PodTrac also announced it has signed partnerships with three of the largest podcast networks: the Association of Music Podcasting, the Technology Podcast Network, and the Teen Podcast Network. Right now, advertisers can buy straight into that programming, with no auctions.
Kiptronics’s prices are open market-based, in the sense that the network serves as an online central exchange for advertisers and podcasters. Podcasters are free to set their ad prices and post those on Kiptronics’ member Web site; advertisers can then send offers above or below those prices, and the two sides can come to some agreement on costs. “At some future point, once we’ve had sufficient deals go through, we may offer podcasters the option to say, ‘Just get me the best market price possible,’” Cobb says. “And since we will know roughly that podcasts that look like this sell for this much, we’ll be able to get a good read on it” and make a more frictionless ad market.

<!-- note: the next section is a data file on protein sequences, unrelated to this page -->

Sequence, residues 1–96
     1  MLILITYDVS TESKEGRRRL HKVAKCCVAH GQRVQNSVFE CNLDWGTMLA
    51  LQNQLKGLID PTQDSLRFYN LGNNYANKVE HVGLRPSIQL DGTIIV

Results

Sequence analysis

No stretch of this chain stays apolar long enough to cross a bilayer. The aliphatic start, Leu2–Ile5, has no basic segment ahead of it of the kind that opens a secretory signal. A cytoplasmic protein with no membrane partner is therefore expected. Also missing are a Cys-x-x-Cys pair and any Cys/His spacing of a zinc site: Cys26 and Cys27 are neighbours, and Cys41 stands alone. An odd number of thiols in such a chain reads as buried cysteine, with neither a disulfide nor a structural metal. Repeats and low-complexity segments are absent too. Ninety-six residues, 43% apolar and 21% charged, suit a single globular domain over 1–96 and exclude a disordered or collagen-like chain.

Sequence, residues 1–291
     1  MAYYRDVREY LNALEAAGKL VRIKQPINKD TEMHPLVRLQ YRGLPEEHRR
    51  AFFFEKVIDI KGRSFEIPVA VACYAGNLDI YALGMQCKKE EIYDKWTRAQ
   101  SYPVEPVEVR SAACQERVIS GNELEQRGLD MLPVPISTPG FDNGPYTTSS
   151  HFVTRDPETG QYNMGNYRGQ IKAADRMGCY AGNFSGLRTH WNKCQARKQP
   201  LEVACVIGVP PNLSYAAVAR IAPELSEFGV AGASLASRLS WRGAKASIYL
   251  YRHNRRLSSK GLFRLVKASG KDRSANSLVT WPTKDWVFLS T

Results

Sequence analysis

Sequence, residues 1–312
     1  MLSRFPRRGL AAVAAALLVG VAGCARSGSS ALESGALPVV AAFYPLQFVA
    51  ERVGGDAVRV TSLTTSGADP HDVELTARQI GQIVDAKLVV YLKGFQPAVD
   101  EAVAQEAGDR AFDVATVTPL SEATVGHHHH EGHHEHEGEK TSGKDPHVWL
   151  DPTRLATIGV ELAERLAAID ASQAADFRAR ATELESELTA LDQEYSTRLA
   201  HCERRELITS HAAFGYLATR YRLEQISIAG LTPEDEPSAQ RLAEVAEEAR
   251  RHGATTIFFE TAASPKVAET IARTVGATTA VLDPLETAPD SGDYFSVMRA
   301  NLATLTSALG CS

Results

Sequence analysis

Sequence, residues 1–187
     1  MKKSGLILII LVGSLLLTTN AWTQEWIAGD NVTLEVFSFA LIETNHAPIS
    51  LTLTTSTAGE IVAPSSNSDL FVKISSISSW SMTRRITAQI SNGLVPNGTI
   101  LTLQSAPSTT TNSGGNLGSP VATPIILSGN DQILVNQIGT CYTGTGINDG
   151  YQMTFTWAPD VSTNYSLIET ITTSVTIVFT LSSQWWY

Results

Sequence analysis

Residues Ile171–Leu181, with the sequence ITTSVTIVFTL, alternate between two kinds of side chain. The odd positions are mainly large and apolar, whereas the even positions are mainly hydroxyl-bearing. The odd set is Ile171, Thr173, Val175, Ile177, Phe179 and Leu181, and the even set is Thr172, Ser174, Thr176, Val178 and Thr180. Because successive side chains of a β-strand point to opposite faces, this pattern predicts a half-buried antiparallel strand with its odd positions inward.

Finally, the same tracking difficulties that make it difficult to depict a podcast audience also constrain its ability to measure its effects, since there’s nothing for users to click on to indicate an ad has converted to anything, either a sale or a sign-up. Whether marketers will put money into a medium they can’t measure is an open question.
“We are working on ways to close that loop, but it’s difficult,” Cobb says. “For the short term, advertisers interested in a cost-per-action model will do it in the traditional ways, offering a 10% discount with a promo code unique to that ad, or a special phone number or Web address. That will help them tell how many people came back around after they heard the ad.”